2020 witnessed a new phenomenon. The Covid-19 pandemic ushered in a global lockdown. People locked in their homes started remote working. Slowly organizations realized certain work done in Office could be done as efficiently from home.
Let’s see how remote work is faring with the world limping back to normal. Is it here to stay, or is the enthusiasm wearing off? Here are some statistics about remote work that will surprise everyone.
- Remote work has increased three times since 2020
Before the pandemic, remote work was around 4% of the total job vacancies in the US. Today remote jobs account for more than 15% of the total US job opportunities. According to experts, remote jobs would have grown irrespective of the pandemic. The pandemic onlyspeeded up the process. Remote jobs will grow in the future, asthe statistics suggest.
- Remote work creates happy employees
Many employees got a chance to work from home for the first time during the pandemic. The effects were astonishing. 74% of employees felt happier when working remotely. The reason for happiness was not having to commute and getting more family time. Another research shows that 50 % of employees surveyed would gladly accept pay cuts in favor of remote work.
- Majority of remote employees recommend remote work to others
Nearly 97% of people recommend remote work to others. They feel that the last two years have been interesting. Interestingly, this 97% want to continue remote work till their retirement. This finding means that employers must devise long-term hiring and career growth strategies for remote staff.
- Remote work does not reduce or eliminate burnout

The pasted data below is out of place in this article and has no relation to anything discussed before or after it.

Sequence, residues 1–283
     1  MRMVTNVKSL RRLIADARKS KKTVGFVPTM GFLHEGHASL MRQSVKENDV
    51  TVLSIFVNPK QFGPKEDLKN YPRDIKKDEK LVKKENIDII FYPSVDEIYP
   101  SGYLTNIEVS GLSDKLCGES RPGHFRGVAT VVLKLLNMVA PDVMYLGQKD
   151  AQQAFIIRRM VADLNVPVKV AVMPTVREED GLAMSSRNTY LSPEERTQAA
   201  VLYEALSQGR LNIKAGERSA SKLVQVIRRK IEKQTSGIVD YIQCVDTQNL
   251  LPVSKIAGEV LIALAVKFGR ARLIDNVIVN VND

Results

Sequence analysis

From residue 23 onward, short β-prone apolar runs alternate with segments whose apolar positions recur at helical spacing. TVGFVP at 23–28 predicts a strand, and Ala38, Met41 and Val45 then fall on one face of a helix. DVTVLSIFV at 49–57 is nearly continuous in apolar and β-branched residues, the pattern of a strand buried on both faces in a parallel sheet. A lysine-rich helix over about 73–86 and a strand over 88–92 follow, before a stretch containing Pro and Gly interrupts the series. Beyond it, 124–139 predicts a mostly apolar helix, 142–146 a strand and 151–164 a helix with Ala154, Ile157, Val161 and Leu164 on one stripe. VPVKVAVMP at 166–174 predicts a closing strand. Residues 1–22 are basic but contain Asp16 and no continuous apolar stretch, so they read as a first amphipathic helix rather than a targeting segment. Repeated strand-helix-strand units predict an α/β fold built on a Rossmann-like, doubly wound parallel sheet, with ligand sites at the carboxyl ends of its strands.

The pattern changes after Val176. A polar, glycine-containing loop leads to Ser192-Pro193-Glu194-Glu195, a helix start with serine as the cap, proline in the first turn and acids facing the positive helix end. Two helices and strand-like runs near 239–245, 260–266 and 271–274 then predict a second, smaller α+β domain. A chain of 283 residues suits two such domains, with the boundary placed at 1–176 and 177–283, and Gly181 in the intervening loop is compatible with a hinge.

It is common to see workplace burnout. The increased flexibility in working remotely gave the impression that employees will remain fresh. However, research says that 69% of remote employees are still experiencing burnout. This is alarming. The important lesson is that while remote work eliminates commuting and rigid work schedules, the stress of being productive, meeting deadlines, and career growth remains similar to Office and does not go away.
- Employers can save from remote work too
Employees saving money by working from home is common knowledge. They save on commuting costs and outdoor expenses. Businesses, too, can save from remote work—an average company up to $11,000 per employee annually by adopting the hybrid work model. Organizations can save on office rent, electricity, utilities, insurance expenses, IT systems, and other associated costs required for day-to-day Office running.
- Remote work increases employee loyalty
Though factual data suggests that remote work improves loyalty among employees, it is understood that employee turnover will be less if they are offered flexible remote work options.
A study shows that 79 % of the participants said they would be loyal to their company if allowed remote work options. In a competitive environment, retaining talent is challenging for companies. New and frequent hiring’s consume time and money. Offering remote work is an excellent way to reduce attrition and the same time, attract new talent.
- Remote work is environment friendly
Working from home means less commuting. This reduces vehicular traffic as employees will use fewer cars and two-wheelers. This results in reduced carbon emissions and a cleaner environment.
Commuter trends and labor market analysis showed one day of worldwide remote work would reduce global oil consumption by 1%.The carbon emission impact would be a decline of 24 million tones annually. Also, remote work reduced paper consumption and reduced waste production.
Remote employees work longer, and it is beneficial for both employers and employees. Though it is early to predict the long-term effects, one thing is sure – Remote work is here to stay.